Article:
Heart disease and women

CAD - women; Coronary artery disease - women

Chest pain

When people have chest pain, they're often concerned they're having a heart attack. I'm Dr. Alan Greene and I'd like to talk to you for a moment about the different kinds of chest pain and when it may be an emergency. It turns out, there are lots of different kinds of chest pain. In fact, almost everything in the chest can hurt in one way or another. Some of the causes are really nothing more than a minor inconvenience. Some of them though are quite serious, even life threatening. You can have chest pain sure from the heart, but also from pneumonia. You can have chest pain from asthma. You can have chest pain from a blood clot in the lungs. It can be from nothing more than a strain of some of the muscles between the ribs, or nerves. You can also have chest pain that comes from acid reflux of from a stomach ulcer, gallstones. Many, many things can cause chest pain. You want to call 911 if you are having sudden, crushing chest pain or if your chest pain radiates into the jaw or the left arm. You want to call 911 if your chest pain also causes shortness of breath, or dizziness, nausea, or vomiting. You want to call 911 if you know you have heart disease and you do occasionally have pain but your pain is getting significantly worse than it is ordinarily. Or comes on with less activity than it does otherwise. But whatever the cause of chest pain, unless you're sure what's causing it, it's worth contacting your physician to find out what may be going on. It's not a symptom to ignore.

Coronary artery disease (CAD) overview

Coronary Artery Disease (CAD) includes diseases of the arteries that supply the heart muscle with blood. It is responsible for more than half of all cardiovascular events in men and women under the age of 75 years. CAD, which is sometimes called coronary heart disease or ischemic heart disease, is most often caused by atherosclerosis. Atherosclerotic plaque forms when cholesterol and other fatty material are deposited within the arterial wall. Plaque deposits narrow the coronary arteries that supply the heart, thereby reducing blood flow to the heart muscle. If plaque ruptures, it can trigger the formation of a blood clot and completely obstructs the flow of blood to the heart. CAD also has many non-atherosclerotic causes, including genetic abnormalities of the coronary vessels, systemic vasculitis, and radiation-induced coronary disease. When coronary arteries are narrowed or blocked, oxygen-rich blood cannot reach the heart muscle, resulting in chest pain, also called angina or myocardial infarction. Over time, CAD may weaken the heart muscle and lead to serious pumping problems and abnormal heart rhythms. Therapeutic approaches for CAD include the use of 3 strategies: First, treatment to reduce the heart’s workload Second, improving coronary artery blood flow Third, slowing down or reversing the build-up of atherosclerotic plaques. The heart’s workload can be reduced by controlling the BP and using drugs such as beta blockers or calcium-channel blockers that keep the heart from pumping as hard. Coronary blood flow can be improved by surgical procedures such as a percutaneous coronary intervention or coronary artery bypass grafting. A coronary artery thrombus may sometimes be dissolved by drugs, also improving coronary circulation. Modifying the diet, exercising regularly, and appropriate pharmacological therapy can slow down or help reverse atherosclerosis.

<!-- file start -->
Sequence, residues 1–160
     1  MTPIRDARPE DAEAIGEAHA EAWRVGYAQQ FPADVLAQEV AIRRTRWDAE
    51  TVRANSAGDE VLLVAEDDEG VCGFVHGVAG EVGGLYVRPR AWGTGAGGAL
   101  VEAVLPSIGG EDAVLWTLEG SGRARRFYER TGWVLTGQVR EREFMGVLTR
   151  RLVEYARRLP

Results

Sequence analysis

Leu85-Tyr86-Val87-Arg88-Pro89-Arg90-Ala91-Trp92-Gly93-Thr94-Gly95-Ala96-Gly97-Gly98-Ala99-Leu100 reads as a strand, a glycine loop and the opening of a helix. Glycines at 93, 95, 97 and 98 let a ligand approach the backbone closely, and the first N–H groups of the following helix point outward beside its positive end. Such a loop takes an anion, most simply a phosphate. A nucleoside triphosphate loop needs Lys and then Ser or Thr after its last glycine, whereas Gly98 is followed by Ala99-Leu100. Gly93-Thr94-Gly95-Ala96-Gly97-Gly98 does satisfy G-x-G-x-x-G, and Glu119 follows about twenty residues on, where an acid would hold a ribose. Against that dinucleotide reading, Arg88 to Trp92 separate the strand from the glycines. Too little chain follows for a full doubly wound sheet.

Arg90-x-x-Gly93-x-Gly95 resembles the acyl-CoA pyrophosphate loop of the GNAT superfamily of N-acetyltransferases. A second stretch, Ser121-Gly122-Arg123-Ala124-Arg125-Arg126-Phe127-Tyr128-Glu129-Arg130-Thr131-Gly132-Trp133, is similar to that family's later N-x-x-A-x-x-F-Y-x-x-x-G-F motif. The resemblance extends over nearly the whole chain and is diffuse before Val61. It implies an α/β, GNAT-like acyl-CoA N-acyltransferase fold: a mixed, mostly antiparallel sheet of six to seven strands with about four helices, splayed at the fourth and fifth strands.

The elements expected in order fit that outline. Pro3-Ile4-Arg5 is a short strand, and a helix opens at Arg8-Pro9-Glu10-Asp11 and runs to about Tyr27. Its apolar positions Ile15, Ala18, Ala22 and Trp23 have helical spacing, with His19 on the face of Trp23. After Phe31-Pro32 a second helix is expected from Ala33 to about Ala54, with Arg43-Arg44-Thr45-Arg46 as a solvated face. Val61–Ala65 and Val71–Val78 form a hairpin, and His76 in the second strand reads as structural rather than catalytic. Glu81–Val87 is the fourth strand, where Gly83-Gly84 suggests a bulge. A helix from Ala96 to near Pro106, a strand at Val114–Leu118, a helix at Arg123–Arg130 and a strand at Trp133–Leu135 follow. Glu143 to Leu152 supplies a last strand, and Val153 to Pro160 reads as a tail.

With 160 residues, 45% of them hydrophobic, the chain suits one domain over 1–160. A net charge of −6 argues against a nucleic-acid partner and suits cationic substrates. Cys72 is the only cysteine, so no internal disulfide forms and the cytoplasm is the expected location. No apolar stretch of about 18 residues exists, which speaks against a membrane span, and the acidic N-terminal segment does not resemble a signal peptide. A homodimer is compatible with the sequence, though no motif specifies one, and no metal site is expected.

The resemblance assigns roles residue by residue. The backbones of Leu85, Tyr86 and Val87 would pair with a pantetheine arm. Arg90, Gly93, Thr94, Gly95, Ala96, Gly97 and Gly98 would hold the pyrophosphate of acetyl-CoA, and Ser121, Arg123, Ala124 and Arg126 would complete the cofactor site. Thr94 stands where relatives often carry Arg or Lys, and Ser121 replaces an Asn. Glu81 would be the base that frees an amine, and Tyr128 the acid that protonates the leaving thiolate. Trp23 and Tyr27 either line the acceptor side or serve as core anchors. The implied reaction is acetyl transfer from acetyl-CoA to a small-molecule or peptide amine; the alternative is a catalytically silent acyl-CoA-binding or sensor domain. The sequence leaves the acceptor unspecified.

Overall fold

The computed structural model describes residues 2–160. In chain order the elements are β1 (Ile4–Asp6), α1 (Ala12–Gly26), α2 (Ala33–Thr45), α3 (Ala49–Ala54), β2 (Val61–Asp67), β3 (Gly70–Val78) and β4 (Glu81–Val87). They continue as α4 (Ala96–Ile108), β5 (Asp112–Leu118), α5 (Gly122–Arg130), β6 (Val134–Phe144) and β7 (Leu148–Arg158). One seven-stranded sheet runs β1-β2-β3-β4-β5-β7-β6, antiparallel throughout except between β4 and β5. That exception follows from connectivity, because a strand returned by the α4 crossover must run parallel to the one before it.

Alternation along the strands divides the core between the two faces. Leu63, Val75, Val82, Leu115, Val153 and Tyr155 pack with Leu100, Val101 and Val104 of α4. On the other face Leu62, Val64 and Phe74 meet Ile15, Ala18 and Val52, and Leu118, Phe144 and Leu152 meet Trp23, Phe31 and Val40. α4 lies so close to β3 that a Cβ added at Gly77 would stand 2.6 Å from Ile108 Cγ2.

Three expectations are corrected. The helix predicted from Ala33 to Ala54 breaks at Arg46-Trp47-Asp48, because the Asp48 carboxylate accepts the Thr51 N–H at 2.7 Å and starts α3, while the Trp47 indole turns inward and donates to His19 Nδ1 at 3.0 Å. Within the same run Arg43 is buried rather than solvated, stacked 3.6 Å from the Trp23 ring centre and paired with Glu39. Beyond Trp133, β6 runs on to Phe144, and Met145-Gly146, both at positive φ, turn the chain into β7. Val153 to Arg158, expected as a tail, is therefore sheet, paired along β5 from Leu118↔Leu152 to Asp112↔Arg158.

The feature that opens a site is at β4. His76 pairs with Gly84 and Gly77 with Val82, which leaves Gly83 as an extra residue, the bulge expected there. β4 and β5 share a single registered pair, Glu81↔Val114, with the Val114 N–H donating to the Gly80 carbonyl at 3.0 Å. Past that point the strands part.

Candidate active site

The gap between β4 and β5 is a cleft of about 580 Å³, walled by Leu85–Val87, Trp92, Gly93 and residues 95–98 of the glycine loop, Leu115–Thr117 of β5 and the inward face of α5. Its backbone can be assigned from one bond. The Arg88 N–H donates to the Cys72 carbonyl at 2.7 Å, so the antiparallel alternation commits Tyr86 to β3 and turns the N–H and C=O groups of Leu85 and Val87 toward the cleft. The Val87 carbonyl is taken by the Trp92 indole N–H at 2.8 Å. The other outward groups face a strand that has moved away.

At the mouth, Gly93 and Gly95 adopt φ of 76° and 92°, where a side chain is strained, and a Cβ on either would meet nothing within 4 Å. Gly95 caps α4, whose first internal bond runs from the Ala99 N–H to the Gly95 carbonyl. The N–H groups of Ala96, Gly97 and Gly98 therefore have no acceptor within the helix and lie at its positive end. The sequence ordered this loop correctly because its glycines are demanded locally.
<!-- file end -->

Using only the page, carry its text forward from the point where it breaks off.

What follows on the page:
Heart disease modifiable risk factors - obesity

Excess body fat, particularly the accumulation of body fat around the waist increases the risk for heart disease. Obesity, defined as a body mass index above 30, is a strong predictor of CVD. Excess body weight increases the external work for the heart, resulting in an increase in BP, blood cholesterol, and triglyceride levels. Excess body weight also lowers HDL cholesterol levels and increases the incidence of diabetes. Even a moderate weight reduction can reduce the risk of heart disease.

Heart - section through the middle

The interior of the heart is composed of valves, chambers, and associated vessels.

Heart - front view

The external structures of the heart include the ventricles, atria, arteries and veins. Arteries carry blood away from the heart while veins carry blood into the heart. The vessels colored blue indicate the transport of blood with relatively low content of oxygen and high content of carbon dioxide. The vessels colored red indicate the transport of blood with relatively high content of oxygen and low content of carbon dioxide.

Acute MI

A heart attack or acute myocardial infarction (MI) occurs when one of the arteries that supplies the heart muscle becomes blocked. Blockage may be caused by spasm of the artery or by atherosclerosis with acute clot formation. The blockage results in damaged tissue and a permanent loss of contraction of this portion of the heart muscle.

Healthy diet

For a healthy diet, replace unhealthy and fattening foods with healthier alternatives, such as fresh fruits and vegetables.